And there is no heartbeat.
My legs are akimbo, my knees raised. The sonographer puts her hand on my knee and gently says that I will need to return next week for a repeat scan. My dates might be wrong, it might be difficult to see the baby at this early gestation with all my organs in the way.
But, she says gently, I think we are likely to see the same thing next week.
Tissues are handed to me as I begin to sob.
Martin and I are guided back to the quiet room.
Bloody quiet rooms. Rooms of doom. We have spent far too much time in effing quiet rooms hearing bad news about our babies.
After a time another midwife comes in with a student. She kindly listens to us, she knows our history. She makes another appointment for us the following week, reassuring us while making no false promises. My dates might be wrong, she says. About 50% of women have a heartbeat on the next scan. It’s impossible to say.
It might, it might not.
In the meantime, if the baby has died nature might take its course.
I feel like a walking timebomb.
We return home for the longest week’s wait.
At home, the first couple of days of that week pass in a numb blur.
In our excitement and joy about our pregnancy we had told close family and our closest friends. We’d agreed that we wouldn’t make a formal announcement until after the 12 week scan, but considering how anxious we were likely to be we would need the support of our nearest and dearest.
So, we set about telling them our news.
Comfort, kindness, virtual hugs.
Prayers and hope.
Hope came in a physical form, too: my nausea persisted. I still couldn’t stomach a cup of tea. I was continually tired. Looking in the mirror, I marvelled at my bloated boobs with enlarged veins and areolas.
Surely they must be positive signs?
I tried not to get too stressed, thinking that it would be bad for the baby.
I tried to hope that we would be in the positive 50%.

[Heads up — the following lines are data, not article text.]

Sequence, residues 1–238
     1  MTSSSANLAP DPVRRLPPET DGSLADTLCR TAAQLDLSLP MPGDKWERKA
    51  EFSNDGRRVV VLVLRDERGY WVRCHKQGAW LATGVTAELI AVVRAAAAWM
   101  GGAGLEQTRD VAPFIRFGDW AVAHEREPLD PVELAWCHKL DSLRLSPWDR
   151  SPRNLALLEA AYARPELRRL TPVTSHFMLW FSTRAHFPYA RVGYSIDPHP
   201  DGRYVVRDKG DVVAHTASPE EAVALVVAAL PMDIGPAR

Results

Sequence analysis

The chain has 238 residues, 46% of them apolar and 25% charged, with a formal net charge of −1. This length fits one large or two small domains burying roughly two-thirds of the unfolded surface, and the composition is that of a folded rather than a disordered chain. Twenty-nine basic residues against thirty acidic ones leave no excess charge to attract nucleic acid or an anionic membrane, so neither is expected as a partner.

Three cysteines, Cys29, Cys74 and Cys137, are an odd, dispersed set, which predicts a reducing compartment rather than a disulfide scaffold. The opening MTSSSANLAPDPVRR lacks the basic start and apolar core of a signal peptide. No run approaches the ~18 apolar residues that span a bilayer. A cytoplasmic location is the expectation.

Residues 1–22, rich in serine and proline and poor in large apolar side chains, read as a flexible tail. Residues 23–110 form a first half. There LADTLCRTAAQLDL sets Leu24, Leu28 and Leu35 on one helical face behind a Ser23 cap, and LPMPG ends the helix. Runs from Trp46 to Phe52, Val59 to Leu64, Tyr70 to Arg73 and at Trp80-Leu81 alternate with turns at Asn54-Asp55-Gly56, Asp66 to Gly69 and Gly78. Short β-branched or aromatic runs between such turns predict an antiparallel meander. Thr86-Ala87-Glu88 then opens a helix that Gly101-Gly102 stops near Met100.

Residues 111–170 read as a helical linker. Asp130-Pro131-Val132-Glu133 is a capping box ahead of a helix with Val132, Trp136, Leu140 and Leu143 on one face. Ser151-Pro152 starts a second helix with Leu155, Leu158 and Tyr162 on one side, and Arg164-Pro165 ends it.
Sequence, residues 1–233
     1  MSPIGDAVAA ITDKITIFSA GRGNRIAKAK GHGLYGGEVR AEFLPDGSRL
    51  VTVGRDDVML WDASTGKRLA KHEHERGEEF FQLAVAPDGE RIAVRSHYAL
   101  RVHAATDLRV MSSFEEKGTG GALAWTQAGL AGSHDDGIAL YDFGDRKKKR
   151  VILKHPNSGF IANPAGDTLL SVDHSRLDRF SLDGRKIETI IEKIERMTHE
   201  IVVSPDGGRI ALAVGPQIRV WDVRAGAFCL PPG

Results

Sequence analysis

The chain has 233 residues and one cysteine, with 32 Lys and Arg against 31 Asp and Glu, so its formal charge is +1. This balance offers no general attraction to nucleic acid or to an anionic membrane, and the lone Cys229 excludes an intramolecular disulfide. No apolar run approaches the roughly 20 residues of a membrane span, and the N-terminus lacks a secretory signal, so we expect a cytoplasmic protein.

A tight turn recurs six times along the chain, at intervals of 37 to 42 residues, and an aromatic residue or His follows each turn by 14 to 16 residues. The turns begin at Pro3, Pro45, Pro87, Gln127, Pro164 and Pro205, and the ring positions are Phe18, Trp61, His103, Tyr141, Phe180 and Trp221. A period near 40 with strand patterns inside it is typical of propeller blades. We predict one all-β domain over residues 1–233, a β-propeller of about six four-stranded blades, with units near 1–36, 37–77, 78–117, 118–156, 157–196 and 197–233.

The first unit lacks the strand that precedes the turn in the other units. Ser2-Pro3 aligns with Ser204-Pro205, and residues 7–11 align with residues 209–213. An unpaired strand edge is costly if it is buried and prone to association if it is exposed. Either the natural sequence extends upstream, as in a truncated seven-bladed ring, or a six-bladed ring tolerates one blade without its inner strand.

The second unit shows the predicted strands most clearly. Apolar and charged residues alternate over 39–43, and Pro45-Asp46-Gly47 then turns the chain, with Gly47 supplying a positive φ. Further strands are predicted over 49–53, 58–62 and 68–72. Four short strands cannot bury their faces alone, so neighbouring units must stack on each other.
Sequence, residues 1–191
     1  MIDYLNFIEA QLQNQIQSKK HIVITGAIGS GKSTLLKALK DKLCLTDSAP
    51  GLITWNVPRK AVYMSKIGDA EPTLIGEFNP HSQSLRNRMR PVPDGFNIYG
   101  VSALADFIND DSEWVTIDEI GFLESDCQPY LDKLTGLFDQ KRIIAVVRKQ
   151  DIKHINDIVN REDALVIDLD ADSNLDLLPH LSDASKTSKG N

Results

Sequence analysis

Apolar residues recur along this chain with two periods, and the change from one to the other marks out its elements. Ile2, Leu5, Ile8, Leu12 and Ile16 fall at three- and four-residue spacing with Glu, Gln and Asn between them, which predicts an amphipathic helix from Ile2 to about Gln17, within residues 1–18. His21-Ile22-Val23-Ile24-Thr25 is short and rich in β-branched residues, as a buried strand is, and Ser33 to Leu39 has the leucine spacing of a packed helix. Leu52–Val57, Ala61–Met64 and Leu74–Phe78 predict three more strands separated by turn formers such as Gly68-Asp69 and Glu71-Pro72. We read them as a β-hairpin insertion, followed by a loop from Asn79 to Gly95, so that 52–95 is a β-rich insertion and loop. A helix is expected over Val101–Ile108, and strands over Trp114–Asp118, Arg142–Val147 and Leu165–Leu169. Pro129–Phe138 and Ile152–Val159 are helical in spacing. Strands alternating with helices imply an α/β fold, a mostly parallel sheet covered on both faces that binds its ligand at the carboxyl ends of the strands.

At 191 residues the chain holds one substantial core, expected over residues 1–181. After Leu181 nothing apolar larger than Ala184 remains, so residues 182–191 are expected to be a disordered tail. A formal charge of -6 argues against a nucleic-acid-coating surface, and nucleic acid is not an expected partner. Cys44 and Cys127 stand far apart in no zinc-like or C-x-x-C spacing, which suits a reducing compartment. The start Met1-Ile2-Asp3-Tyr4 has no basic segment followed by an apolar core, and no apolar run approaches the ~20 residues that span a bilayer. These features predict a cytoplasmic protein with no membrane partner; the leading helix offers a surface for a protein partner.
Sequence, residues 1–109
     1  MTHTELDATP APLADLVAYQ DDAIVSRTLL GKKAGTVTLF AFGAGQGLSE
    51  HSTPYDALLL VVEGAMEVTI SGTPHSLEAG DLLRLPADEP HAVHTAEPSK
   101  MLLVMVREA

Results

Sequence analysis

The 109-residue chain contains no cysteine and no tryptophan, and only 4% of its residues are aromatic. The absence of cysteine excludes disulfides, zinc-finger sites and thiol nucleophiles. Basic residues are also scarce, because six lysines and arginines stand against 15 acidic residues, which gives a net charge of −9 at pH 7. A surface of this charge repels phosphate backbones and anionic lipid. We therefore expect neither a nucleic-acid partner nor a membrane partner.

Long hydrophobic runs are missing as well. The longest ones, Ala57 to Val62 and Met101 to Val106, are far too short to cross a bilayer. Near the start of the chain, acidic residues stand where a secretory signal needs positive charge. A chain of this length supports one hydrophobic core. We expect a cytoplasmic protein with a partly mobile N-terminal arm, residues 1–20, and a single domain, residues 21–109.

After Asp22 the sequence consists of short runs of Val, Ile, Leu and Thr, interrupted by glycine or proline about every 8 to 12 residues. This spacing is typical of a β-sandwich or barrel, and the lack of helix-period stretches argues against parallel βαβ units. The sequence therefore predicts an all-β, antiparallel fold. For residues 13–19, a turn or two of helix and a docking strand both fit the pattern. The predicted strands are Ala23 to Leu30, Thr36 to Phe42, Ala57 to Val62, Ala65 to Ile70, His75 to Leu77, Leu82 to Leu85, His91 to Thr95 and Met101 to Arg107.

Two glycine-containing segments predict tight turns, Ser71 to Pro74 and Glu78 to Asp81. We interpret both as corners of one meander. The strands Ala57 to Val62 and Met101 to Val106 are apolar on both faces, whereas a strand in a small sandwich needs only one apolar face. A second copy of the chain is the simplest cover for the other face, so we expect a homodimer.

I tried to remember that whatever happened during the second scan, we had survived so much already and would again.
But surely we deserved some positive news?
People don’t get what they deserve.
Bad things happen to good people.
Losing one baby does not grant a protective forcefield for subsequent pregnancies. There are no get out of jail free cards.
Signs are bollocks.
Awful things happen to us all.
Scan number 2: Wednesday July 20. I am 8 + 5 weeks’ pregnant,
After a wait that felt like forever we were called in to the room.
Lie on the couch, dress up, gripping on to Martin’s hand, gel and probe on the belly.
We need to do a transvaginal scan, says the sonographer.
Knickers off, legs spread, knees up, fists under the bum. I am unable to hold Martin’s hand as the sonographer softly says she is sorry, but there is no change.
There is no heartbeat, and most compellingly the baby still measures 5.6mm.
The baby has not grown.
The baby has died, at about 6 weeks.
I am numb. I cast a glance at the screen, where the sonographer points out our baby, a tiny little seed with no life.
We are taken back to the quiet room.
I still feel pregnant, but my baby has died inside of me.
The midwife comes in to the room to talk to us. She tells us how sorry she is, that she understands how devastated we must be especially after Hugo. I am so grateful she has taken the time to actually read the notes, to understand what they mean, to empathise.
We ask what is next.
We don’t have to make any decisions that day, she says, but we have three options:
To wait for nature to take its course, to have the miscarriage managed medically, or to have it removed surgically.
Options implies choice. I didn’t want to choose any of them. I wanted to grow big and round and have a bouncing baby in seven months’ or so time.
But that choice was taken away from me.
Nature doesn’t seem in any hurry to take its course, and I hate feeling like a timebomb. Who knows how long it might take, and when it will happen?